Originally Published 2015-08-31 10:17:40 Published on Aug 31, 2015
Social media vigilantism has its own perils 

"Social media has emerged as a great level-playing field in the past few years. The hitherto disenfranchised demographic groups have found an enabling tool in it. There are no hierarchies, except those ubiquitous 'blue ticks' of verification on Twitter, which is the first step towards inspiring confidence.

What it has achieved for women in particular is of great import. From being a platform for speaking the unspeakable to getting used as an SOS service, social media is the long awaited one stop shop for feeling empowered.

Let us delve into this new brand of empowerment a little more. Unlike in the pre-digital era, women can now choose to reinvent themselves, connect and collaborate with like-minded people across the world, wrap themselves cozy with the blanket of anonymity, and attempt to claim the spaces that were earlier denied to them- with just a click of button. They can also attempt to bring their offline tormentors to jail.

Social media interventions

With some reservations, it can be said that December 2012 crystallised Indian media's attitude towards violence against women. Such reports are now considered worthy of being given enough airtime. Social media contributed immensely in bringing about this change. Almost all the media houses and law enforcing agencies are looking at social media platforms to pick instances of violence and act upon them. In cities like Delhi and Bangalore, police executives actively encourage users to get in touch with them directly via tweets or texts in times of distress.

A similar trend can be seen in some ministries, the most noteworthy of them being the Ministry of External Affairs. Cabinet minister Sushma Swaraj personally responds to the tweets from hapless Indians seeking assistance on foreign soil. The International Association of Chiefs of Police, the oldest and largest organisation of police executives across the world, also advocates for optimising social media usage for crime prevention.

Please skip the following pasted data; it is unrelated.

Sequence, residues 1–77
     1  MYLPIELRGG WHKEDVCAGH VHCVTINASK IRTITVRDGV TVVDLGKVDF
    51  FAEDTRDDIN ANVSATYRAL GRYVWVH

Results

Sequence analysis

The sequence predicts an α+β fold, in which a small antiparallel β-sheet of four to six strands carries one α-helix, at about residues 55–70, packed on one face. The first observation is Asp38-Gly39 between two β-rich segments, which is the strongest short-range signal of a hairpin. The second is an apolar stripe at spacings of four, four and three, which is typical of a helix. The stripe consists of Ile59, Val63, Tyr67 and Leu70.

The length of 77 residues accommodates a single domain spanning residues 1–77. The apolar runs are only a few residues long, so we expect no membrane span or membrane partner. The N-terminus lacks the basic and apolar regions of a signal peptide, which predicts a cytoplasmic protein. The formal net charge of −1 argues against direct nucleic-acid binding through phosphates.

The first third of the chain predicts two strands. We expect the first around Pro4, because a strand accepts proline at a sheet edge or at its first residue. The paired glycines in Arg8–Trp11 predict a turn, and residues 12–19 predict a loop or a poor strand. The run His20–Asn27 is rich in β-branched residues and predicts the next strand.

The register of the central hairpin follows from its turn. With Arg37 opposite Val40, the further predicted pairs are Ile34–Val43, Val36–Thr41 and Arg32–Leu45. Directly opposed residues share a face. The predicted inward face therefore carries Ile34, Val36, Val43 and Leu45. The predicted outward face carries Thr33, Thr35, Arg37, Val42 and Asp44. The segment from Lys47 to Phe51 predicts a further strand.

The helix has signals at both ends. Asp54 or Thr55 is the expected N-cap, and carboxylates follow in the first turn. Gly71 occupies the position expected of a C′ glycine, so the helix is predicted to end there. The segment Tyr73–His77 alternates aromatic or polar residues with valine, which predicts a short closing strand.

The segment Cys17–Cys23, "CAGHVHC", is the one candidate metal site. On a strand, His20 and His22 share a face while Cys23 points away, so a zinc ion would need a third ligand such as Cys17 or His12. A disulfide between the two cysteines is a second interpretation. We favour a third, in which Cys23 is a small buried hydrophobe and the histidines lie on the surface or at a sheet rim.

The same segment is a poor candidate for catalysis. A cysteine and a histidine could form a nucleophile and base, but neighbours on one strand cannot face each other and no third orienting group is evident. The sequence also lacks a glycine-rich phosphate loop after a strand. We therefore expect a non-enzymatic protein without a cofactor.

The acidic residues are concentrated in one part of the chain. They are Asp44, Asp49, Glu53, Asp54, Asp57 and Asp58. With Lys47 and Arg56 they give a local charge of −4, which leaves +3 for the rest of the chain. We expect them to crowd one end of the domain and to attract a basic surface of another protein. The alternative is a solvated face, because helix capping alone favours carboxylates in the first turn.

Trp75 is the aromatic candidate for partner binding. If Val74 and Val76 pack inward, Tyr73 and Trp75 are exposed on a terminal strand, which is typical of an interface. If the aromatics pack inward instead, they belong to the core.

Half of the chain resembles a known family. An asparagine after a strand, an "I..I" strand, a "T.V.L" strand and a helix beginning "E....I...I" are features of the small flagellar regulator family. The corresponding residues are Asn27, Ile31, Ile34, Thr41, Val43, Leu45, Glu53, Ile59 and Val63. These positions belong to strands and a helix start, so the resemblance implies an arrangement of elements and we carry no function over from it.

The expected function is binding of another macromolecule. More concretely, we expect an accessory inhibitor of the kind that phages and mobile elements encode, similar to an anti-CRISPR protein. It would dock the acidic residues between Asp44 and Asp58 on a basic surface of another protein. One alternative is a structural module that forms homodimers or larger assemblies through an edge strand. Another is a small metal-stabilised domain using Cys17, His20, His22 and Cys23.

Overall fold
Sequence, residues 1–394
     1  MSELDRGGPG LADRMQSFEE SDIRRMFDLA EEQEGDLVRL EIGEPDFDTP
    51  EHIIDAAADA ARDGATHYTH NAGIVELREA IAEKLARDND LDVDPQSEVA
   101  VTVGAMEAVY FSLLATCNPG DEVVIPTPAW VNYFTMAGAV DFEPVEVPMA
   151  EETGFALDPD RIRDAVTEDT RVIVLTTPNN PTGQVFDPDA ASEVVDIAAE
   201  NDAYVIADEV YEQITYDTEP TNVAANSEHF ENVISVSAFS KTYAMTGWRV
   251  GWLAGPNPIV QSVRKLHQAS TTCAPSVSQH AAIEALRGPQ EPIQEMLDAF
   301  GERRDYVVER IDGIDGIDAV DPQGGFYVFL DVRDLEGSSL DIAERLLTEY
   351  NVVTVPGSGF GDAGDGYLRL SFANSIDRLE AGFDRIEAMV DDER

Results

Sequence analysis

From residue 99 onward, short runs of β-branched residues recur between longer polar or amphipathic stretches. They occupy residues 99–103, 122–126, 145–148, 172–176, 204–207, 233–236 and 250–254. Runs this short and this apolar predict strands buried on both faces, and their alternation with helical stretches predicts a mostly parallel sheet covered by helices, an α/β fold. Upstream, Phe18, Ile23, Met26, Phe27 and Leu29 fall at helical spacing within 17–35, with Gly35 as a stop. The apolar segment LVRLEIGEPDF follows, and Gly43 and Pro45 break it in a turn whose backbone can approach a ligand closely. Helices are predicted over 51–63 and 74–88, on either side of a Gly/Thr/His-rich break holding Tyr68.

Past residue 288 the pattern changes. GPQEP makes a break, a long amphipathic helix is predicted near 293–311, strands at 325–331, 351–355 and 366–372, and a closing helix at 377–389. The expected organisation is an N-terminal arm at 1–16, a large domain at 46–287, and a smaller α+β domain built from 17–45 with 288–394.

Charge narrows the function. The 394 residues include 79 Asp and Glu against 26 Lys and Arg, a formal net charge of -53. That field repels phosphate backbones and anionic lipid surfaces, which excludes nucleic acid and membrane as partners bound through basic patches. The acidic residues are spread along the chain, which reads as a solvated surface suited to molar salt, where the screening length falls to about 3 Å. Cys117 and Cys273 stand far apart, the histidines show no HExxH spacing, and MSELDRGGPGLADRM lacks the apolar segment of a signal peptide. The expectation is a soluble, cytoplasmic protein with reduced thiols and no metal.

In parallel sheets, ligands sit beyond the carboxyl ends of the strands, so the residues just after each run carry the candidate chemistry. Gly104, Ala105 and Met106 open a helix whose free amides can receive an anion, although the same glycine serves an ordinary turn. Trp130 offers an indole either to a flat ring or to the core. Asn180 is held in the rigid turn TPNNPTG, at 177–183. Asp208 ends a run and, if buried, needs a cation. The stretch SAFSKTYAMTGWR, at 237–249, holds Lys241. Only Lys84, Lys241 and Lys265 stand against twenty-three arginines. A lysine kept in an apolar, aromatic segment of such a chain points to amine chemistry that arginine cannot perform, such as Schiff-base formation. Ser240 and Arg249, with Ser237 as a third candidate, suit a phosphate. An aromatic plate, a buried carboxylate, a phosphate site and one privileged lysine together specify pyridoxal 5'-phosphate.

While social media interventions have indeed expedited action, as seen in two recent cases of arrests against harassment complaints in Delhi and Mumbai, it is worrying to note that people are using these platforms as their first choice for grievance redressal. This trend is a tell-tale sign that our police still needs to go a long way in earning common citizen's trust. It is a clarion call for them to make themselves more approachable and swift.

Social media activism

Another dimension of social media interventions is that it brings the users thrill of activism without the attached dangers. It is way safer to like and retweet pictures of molesters than confronting them on the streets. Many silent witnesses to the Anand Parbat stabbing would have happily left searing comments on a post or photograph.

Social media activism is a perfect antidote to ennui. Owing to this, the platforms stand in danger of becoming a breeding ground for rumour-mongering, sensationalism and blackmail. With ever shortening attention of users, the nuance is lost in most cases and only viral making is focussed on. Siddharth Vardarajan's 2008 piece, Stories that are too good to check, is one of the most brutal indictments of this trap of sensationalism.

Trial by social media

Vigilantism cannot substitute effective policing. In the case of social media it is even more damaging since collective guilt for inaction can be easily assuaged with a like or comment thereby leaving the chain of crime largely uninterrupted. The society needs more of timely and just judicial trials and not trials by mainstream or social media. The latter instils a false sense of safety and empowerment.

Our society lacks fool proof enforcement of law and empathy for the victim. This is what needs to change. Social media must rise up to become a responsible ally and not replicate the power struggles of the 'real' world. Only the expression of intent can be outsourced to social media, actions need to happen on ground.

Women speaking against their harassers need to be safeguarded against vindictive backlash. They are not to be used as viral makers, and further endangered, for vested interests.

(The writer is an Associate Fellow at Observer Research Foundation, Delhi)

Courtesy: The Quint"

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